Here at Black & Abroad, we work to ensure that our mission concedes simple brand recognition.
Often along the way, we encounter other like-minded individuals that have successfully mastered the space beyond their anticipated approach to empower the diaspora.
These are the influencers, visionaries, and tastemakers that have managed to successfully employ their own blueprints to create a better world for us tomorrow.
Throughout this series, we will present to you a hand-picked line-up of black-owned & operated brands and individuals that deserve your consideration.
That deserve your support.
That deserve your attention.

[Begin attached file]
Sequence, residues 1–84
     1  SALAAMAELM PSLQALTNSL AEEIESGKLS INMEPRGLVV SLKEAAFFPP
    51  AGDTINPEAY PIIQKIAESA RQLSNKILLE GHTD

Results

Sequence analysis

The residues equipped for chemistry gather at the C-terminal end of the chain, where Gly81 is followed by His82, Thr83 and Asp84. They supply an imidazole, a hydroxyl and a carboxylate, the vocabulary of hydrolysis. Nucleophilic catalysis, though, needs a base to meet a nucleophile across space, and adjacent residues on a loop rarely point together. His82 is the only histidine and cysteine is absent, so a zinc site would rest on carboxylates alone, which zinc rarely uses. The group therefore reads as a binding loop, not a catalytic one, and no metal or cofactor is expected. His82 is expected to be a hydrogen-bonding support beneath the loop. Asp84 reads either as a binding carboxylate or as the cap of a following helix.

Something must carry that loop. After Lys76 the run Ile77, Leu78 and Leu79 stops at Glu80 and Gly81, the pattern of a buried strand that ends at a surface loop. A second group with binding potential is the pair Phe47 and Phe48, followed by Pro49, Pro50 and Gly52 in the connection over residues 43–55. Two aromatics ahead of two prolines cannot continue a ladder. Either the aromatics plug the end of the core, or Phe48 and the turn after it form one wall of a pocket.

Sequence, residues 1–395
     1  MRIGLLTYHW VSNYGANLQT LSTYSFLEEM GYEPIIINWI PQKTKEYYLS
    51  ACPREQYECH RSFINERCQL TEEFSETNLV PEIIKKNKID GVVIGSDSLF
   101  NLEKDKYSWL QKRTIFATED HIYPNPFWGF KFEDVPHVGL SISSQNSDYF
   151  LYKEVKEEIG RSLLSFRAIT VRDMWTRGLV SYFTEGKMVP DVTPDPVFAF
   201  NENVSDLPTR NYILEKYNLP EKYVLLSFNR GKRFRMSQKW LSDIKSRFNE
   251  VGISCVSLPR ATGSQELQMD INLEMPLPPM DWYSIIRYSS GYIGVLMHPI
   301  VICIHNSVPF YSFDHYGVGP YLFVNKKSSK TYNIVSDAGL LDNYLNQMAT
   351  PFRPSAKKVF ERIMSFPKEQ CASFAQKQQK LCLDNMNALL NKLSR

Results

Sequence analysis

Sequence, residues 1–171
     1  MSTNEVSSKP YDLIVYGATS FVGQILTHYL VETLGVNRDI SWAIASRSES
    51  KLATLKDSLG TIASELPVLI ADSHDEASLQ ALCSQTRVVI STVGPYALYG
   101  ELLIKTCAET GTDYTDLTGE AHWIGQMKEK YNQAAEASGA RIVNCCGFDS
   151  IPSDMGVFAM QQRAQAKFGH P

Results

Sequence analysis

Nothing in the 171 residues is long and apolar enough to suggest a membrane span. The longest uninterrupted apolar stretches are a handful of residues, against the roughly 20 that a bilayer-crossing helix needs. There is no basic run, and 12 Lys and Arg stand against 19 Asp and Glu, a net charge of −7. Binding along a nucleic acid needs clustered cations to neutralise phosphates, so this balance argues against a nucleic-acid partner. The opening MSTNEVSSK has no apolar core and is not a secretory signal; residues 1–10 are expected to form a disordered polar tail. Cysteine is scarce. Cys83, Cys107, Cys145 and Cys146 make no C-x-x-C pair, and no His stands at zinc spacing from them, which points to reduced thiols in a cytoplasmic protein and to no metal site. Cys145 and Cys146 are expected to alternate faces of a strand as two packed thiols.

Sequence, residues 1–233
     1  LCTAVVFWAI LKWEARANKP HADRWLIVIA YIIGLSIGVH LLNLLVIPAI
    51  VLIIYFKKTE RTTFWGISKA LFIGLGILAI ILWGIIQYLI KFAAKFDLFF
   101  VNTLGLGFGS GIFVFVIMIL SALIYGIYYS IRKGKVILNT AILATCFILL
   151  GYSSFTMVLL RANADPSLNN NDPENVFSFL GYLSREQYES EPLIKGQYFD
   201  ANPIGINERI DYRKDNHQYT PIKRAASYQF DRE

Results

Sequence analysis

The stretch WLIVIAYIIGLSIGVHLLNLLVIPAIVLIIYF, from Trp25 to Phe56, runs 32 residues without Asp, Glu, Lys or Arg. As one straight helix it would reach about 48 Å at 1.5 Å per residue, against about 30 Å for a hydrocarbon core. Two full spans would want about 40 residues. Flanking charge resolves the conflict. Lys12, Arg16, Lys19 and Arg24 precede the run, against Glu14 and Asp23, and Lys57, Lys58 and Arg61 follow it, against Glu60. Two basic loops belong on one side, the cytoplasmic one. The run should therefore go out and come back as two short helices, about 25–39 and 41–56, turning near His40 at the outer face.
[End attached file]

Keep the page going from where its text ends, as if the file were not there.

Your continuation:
Welcome to the Black & Abroad Conversation Series.
My name is Zavien and I’m 10 years old. When I grow up I really want to become a pilot. When you are a kid, it can sometimes be challenging to choose the career you want to be when you grow up. However, for me it came easy because of my interest in flying planes. I also love traveling by plane and watching airplane shows often.
Recently, I was given an opportunity to interview airline transport pilot Mr. Curtis Austin. During the interview with Mr. Austin I was a bit nervous. However, I was very confident that it would go as planned. He was able to teach me a lot about the steps I need to take to follow my dreams which really helped me. I also found out some interesting facts. Did you know that only about 3% of pilots are African American? Also, I found out that flight schools may offer discovery flights for future pilots like me.